As previously reported
, Morgan & Morgan's plaintiffs are claiming that Monster's high-caffeine drinks caused serious injuries. Morgan & Morgan's cases include a 14-year-old boy who suffered a stroke.
According to a press release from Monster Energy
, the company says there is "no medical or scientific basis to support any causal connection between Monster Energy drinks and the alleged injuries."
Morgan & Morgan
is calling for more testing to be done to determine how much caffeine is in the drinks, and that Monster should be putting warning labels on the their cans to alert consumers about what the company alleges is an unhealthy amount of caffeine.
Monster Energy argues that there are only 160 mg of caffeine in one 16 oz Monster Energy drink, which contains less than half of the caffeine in a Starbucks coffee of the same size.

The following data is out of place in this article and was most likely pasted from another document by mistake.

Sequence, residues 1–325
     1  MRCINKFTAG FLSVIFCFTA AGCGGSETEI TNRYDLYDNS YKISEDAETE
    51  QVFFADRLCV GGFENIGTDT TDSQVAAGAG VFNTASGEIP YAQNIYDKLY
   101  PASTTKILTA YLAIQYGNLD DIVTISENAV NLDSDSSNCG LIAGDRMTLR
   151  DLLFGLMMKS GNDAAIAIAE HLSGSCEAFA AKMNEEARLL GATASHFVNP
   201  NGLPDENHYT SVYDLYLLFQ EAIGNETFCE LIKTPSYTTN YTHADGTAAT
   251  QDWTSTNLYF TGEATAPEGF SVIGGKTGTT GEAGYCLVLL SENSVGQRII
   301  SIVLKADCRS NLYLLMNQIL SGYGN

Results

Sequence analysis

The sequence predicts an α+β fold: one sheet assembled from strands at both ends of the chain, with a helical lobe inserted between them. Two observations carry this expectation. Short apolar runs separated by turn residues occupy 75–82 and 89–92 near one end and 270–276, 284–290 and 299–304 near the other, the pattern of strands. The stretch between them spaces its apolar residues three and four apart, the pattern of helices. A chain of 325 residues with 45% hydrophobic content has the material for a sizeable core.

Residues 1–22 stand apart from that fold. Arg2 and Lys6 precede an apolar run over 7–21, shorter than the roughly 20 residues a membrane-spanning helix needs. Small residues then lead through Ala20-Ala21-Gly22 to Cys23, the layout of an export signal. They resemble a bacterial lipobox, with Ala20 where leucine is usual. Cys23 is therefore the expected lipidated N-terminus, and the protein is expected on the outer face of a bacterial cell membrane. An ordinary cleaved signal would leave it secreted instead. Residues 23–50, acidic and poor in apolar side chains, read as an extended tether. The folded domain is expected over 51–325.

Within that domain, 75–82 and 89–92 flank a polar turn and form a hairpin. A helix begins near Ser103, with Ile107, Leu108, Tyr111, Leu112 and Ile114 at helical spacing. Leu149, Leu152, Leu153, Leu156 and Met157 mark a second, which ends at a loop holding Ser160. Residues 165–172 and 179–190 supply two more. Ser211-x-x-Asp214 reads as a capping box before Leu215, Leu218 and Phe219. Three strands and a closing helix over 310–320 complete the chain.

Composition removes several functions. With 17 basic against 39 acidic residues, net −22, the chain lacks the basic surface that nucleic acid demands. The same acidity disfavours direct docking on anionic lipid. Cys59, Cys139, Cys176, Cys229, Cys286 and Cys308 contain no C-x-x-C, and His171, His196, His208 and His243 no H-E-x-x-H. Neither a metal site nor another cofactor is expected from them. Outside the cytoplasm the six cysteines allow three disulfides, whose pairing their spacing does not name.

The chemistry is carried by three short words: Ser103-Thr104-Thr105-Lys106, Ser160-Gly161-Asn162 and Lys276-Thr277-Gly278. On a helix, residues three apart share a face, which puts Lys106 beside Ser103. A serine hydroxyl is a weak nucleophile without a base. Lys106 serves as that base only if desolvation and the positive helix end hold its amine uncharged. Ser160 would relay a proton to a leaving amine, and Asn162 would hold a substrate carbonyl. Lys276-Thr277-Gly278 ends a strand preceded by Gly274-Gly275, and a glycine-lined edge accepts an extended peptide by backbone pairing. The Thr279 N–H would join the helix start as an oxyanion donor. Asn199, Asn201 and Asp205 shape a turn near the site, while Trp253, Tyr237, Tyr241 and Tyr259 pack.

From the press release:
The lawsuits rely on undeniably false information. For example, they all state: “Caffeine can be lethal in doses ranging from 200-400 milligrams.”Considering that a medium Starbucks coffee contains 330 mg of caffeine, such a statement defies logic. In support of that statement, the lawsuits misleadingly cite to an Australian case report which actually states that the median lethal dose of caffeine in rats is 200-400 milligrams per kilogram of body weight. This amounts to 16,000-32,000 milligrams of caffeine (or 100-200 Monster Energy drinks consumed in one sitting) for a 175 lb. person.
Monster says that the diversity of the alleged injuries, which Morgan & Morgan says includes heart attacks, kidney failure, strokes and brain damage, illustrates the absurdity of the claims. As the case progresses, Monster anticipates that evidence of preexisting health conditions will be revealed to have caused the injuries.
Monster Energy Company fired back at Morgan & Morgan February 11, after the law firm filed several law suits claiming their clients suffered serious injuries after drinking the energy drinks.